The same is true for the pastor of a church and his staff. Most have a personal ministry mission that they bring with them when the church hires them. Some may not be aware of their personal mission.
I encourage every church to address this issue. People must know that their personal missions may be in conflict with the church’s mission and that the latter must prevail, or the church will attempt to move in many different directions at the same time, pulling apart rather than together. I will say more about how to do this in the following section. Concerning a senior pastor and any staff, the church must work with them and attempt to discover what those personal missions are before inviting these people to pastor and minister to the church. And to maximize your ministry placement, those of you who are pastors and staff must consider whether your mission and that of the church agree.
— PRAYER —
If you do not know the Lord Jesus Christ as your Savior, here’s how.
First, accept the fact that you are a sinner, and that you have broken God’s law. The Bible says in Romans 3:23: “For all have sinned and come short of the glory of God.”
Second, accept the fact that there is a penalty for sin. The Bible states in Romans 6:23: “For the wages of sin is death…”
Third, accept the fact that you are on the road to hell. Jesus Christ said in Matthew 10:28: “And fear not them which kill the body, but are not able to kill the soul: but rather fear him which is able to destroy both soul and body in hell.” Also, the Bible states in Revelation 21:8: “But the fearful, and unbelieving, and the abominable, and murderers, and whoremongers and sorcerers, and idolaters, and all liars, shall have their part in the lake which burneth with fire and brimstone: which is the second death.”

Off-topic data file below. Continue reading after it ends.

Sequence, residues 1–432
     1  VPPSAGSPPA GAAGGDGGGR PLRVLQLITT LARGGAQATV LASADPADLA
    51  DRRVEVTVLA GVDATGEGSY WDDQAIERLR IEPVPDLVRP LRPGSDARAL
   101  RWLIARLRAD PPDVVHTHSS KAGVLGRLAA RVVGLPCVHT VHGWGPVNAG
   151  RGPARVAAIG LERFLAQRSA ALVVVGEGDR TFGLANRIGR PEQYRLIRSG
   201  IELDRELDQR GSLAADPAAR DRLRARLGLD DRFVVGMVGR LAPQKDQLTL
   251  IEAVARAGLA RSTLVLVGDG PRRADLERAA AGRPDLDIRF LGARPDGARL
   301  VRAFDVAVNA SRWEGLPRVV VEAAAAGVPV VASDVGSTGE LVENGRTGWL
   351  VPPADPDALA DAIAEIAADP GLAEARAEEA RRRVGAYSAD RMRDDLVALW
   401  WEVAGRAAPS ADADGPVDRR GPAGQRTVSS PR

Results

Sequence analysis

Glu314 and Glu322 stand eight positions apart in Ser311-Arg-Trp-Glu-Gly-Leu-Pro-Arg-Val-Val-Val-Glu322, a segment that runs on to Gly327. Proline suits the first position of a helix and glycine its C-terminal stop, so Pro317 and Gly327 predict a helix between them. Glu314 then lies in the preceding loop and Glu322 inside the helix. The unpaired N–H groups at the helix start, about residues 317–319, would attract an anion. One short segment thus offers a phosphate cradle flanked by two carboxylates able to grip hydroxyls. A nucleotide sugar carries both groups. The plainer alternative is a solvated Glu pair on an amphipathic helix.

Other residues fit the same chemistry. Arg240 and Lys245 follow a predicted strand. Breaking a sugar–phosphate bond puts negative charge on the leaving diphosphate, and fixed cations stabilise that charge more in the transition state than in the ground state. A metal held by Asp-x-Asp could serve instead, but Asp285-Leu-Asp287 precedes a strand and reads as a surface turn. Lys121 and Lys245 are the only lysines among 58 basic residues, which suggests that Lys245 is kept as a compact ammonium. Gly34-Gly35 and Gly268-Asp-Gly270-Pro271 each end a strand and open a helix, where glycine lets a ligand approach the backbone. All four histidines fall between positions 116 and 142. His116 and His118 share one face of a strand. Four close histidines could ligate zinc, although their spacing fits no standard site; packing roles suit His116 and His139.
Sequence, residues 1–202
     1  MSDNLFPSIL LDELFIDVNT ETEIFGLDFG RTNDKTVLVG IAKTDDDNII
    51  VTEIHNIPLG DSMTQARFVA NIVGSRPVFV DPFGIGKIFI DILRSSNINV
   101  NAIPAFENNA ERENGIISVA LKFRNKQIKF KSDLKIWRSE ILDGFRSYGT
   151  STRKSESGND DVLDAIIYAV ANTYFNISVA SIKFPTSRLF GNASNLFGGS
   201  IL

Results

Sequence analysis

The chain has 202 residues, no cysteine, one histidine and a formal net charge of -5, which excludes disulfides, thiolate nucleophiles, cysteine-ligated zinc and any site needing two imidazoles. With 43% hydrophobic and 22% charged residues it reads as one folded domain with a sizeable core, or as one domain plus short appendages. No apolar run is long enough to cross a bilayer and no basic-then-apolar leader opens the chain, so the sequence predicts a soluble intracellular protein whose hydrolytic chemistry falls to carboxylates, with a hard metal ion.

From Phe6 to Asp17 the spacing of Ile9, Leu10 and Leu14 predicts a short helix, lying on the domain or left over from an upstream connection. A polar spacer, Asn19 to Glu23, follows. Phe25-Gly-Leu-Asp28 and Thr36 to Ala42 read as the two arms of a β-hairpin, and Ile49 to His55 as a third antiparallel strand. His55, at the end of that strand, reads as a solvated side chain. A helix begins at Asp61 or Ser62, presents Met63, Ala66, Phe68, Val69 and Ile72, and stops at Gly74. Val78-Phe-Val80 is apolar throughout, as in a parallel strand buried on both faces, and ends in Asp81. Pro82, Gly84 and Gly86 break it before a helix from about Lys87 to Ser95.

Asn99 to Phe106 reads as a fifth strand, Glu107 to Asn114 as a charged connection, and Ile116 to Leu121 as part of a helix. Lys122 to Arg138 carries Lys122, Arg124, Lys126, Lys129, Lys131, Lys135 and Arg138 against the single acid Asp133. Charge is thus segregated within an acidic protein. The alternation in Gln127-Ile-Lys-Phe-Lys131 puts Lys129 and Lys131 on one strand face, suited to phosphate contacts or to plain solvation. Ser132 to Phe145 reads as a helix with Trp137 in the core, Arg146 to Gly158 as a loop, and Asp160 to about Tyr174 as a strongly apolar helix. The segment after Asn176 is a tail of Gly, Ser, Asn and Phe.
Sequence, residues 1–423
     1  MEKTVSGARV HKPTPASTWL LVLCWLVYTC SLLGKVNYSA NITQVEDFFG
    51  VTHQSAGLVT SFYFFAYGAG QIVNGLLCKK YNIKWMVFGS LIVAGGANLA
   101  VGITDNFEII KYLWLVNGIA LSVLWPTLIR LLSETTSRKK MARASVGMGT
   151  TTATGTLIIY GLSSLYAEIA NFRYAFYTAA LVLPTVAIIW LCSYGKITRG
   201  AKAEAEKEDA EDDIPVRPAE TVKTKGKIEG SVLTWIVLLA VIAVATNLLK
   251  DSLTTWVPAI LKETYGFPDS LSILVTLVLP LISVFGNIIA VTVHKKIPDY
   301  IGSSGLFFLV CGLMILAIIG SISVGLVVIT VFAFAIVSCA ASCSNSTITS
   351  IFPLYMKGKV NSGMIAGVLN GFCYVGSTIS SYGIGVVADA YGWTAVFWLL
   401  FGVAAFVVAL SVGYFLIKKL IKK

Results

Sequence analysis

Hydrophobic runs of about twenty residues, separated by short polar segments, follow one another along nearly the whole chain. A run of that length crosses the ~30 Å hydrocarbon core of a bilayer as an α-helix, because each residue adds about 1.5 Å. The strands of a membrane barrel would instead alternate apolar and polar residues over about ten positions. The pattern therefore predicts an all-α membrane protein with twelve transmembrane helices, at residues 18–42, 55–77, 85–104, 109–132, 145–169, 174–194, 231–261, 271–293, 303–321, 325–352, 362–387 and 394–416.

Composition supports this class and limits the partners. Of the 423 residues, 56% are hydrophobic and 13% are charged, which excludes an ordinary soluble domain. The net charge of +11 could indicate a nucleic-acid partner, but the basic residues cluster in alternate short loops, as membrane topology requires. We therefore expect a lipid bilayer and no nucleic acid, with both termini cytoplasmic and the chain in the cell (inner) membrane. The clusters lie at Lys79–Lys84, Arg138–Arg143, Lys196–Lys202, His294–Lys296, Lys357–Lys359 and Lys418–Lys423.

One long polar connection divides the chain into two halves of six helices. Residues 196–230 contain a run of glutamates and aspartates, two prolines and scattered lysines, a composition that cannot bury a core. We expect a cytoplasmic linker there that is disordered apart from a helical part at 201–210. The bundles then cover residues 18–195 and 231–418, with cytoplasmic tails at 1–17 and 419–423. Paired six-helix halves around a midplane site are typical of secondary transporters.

Now this is bad news, but here’s the good news. Jesus Christ said in John 3:16: “For God so loved the world, that he gave his only begotten Son, that whosoever believeth in him should not perish, but have everlasting life.”
Just believe in your heart that Jesus Christ died for your sins, was buried, and rose from the dead by the power of God for you so that you can live eternally with Him. Pray and ask Him to come into your heart today, and He will.
Romans 10:9-13 says, “That if thou shalt confess with thy mouth the Lord Jesus, and shalt believe in thine heart that God hath raised him from the dead, thou shalt be saved. For with the heart man believeth unto righteousness; and with the mouth confession is made unto salvation. For the scripture saith, Whosoever believeth on him shall not be ashamed. For there is no difference between the Jew and the Greek: for the same Lord over all is rich unto all that call upon him. For whosoever shall call upon the name of the Lord shall be saved.”